Methods of Job Evaluation
Job-evaluation methods are of two categories:-
a) Analytical Methods
- Point Ranking Methods
- Factor Comparison Method
b) Non-analytical Methods
- Ranking Method
- Job-grading Method
Ranking and job-classification methods come under this category because they make no use of detailed job factors. Each job is treated as a whole in determining its relative ranking.
This is the simplest, the most inexpensive and the most expensive method of evaluation. The evaluation committee assesses the worth of each job on the basis of its title or on its contents, if the latter are available. But the job is not broken down into elements or factors. Each job is compared with others and its place is determined.
The method has several drawbacks. Job evaluation may be subjective as the jobs are not broken into factors. It is hard to measure whole jobs.
As in the ranking method, the job-grading method (or job-classification method) does not call for a detailed or quantitative analysis of job factors. It is based on the job as a whole.The difference between the two is that in the ranking method, there is no yardstick for evaluation, while in the classification method, there is such an yardstick in the form of job classes or grades.
Under the classification method, the number of grades is first decided upon, and the factors corresponding to these grades are then determined. Facts about jobs are collected and are matched with the grades which have been established.
The essential requirement of the job-grading method is to frame grade descriptions to cover discernible differences in degree of skill, responsibility and other job characteristics. Job grades are arranged in the order of their importance in the form of a schedule. The lowest grade may cover jobs requiring greater physical work under close supervision, but carrying little responsibility. Each succeeding grade reflects a higher level of skill and responsibility, with less and less supervision.
The advantages of the job-classification method include its simplicity and inexpensiveness. Secondly, in organizations where number of jobs is small, this method yields satisfactory results.
The disadvantages of the method are:
(i) job grade descriptions are vague and are not quantified;
(ii) difficulty in convincing employees about the inclusion of a job in a particular grade because of vagueness of grade descriptions; and
(iii) more job classification schedules need to be prepared because the same schedule cannot be used for all types of jobs.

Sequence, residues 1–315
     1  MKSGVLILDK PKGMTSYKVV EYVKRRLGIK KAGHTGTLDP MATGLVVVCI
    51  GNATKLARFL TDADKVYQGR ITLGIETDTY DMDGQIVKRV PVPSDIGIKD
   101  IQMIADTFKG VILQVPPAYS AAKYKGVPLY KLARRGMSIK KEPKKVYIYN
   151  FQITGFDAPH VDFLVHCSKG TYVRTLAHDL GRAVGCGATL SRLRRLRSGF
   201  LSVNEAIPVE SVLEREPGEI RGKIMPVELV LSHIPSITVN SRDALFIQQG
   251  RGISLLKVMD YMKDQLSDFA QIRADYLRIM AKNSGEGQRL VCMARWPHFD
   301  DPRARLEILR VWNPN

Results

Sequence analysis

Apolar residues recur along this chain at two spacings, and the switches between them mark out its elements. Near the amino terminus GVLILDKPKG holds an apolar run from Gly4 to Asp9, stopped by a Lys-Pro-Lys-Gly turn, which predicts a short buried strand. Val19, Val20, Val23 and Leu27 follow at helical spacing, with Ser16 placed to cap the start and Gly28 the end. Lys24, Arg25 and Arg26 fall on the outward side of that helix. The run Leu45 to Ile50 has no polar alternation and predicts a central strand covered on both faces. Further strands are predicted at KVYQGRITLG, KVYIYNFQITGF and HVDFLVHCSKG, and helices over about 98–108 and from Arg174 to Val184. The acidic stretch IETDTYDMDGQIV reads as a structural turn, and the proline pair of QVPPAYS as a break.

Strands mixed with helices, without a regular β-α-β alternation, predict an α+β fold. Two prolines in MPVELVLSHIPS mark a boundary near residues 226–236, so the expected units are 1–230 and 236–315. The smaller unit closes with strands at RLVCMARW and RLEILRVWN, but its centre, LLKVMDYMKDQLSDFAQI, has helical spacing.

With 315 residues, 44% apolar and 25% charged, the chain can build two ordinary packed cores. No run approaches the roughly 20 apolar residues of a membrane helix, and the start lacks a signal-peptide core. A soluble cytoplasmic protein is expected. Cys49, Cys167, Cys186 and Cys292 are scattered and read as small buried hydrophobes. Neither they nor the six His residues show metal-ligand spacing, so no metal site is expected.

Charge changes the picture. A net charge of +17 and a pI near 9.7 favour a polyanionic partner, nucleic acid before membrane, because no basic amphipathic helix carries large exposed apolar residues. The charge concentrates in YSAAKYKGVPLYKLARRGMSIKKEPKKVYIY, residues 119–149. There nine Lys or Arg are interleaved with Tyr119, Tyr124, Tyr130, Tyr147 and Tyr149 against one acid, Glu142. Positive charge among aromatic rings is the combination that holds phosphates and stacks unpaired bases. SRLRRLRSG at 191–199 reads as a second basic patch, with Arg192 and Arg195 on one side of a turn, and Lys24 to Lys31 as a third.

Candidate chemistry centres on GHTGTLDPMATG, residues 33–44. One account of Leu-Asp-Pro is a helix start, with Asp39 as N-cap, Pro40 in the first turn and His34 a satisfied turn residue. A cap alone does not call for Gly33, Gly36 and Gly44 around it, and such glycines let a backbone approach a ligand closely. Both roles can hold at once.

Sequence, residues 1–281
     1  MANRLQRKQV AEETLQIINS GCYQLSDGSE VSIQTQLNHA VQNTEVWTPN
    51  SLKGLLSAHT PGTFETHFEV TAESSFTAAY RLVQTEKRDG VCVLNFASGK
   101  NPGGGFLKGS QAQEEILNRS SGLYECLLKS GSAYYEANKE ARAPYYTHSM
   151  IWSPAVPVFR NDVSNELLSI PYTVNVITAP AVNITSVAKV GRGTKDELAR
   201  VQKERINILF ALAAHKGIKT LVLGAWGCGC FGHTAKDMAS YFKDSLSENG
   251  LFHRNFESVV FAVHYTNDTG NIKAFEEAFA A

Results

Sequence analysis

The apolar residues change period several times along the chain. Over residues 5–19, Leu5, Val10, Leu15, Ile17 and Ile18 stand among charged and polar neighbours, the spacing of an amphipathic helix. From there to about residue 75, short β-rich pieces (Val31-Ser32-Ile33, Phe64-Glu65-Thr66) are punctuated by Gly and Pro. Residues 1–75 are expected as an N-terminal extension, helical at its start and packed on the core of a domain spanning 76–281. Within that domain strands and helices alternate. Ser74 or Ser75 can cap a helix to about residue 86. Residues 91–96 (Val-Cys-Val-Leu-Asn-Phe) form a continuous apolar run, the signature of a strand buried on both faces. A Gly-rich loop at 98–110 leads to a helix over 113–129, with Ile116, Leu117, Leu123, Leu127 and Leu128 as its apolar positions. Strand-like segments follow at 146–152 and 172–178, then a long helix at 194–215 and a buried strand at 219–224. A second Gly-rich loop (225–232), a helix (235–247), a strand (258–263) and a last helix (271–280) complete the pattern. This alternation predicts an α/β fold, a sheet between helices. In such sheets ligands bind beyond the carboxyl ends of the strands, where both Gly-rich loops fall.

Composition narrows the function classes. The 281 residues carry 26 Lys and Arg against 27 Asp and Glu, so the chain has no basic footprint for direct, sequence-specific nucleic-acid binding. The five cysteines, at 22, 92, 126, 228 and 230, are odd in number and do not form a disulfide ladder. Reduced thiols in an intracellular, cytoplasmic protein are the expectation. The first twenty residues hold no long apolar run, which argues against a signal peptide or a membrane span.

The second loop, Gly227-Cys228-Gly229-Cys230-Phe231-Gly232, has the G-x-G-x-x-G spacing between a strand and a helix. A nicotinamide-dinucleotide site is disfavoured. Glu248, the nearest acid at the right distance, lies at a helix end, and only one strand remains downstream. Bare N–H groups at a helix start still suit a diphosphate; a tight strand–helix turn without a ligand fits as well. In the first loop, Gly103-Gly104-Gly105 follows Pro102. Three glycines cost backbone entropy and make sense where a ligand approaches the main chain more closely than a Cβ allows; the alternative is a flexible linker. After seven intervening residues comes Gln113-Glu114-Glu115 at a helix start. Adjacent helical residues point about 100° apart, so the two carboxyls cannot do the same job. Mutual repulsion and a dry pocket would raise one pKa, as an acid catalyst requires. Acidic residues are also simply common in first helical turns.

These include the point-ranking method and the factor-comparison method
The system starts with the selection of job factors, construction of degrees for each factor, and assignment of points to each degree. Different factors are selected for different jobs with accompanying differences in degrees an points. The National Electrical Manufacturer’s Association (NEMA), USA, has given the factors, degrees and points for hourly rated.
The range of score and grades is also predetermined-for example, from 210 to 230 points, the
5th grade; 231 to 251 points, the 6th grade; and so forth. A given job is placed in a particular grade, depending on the number of points it scores.
The advantages of point system are:
1. A job is split into a number of factors. The worth of each job is determined on the basis of its factors and not by considering the job as a whole.
2. The procedure adopted is systematic and can easily be explained to the employees.
3. The method is simple to understand and easy to administer.
At least two defects are noticed in the point system. First, employees may disagree with the points allotted and the factors and their degrees identified. Second, serious doubts are expressed about the range of points allotted and matching them with the job grades. For example, a score range of 238 to 249 is grade seven and the next range of 250 to 271 is grade six. A variation of one point makes all the difference.
The factor-comparison method is yet another approach for job evaluation in the analytical group. Under this method, one begins with the selection of factors, usually five of them: mental requirements, skill requirements, physical exertion, responsibility, and job conditions. These factors are assumed to be constant for all the jobs. Each factor is ranked individually with other jobs.
For example, all the jobs may be compared first by the factor ‘mental requirements’. Then the skills factor, physical requirements, responsibility, and working conditions are ranked. Thus, a job may rank near the top in skills but low in physical requirements. Then total point values are then assigned to each factor. The worth of a job is then obtained by adding together all the point values.
An advantage of the factor-comparison methods that jobs of unlike nature – for example, manual, clerical and supervisory – may be evaluated with same set of factors. But the method is complicated and expensive.
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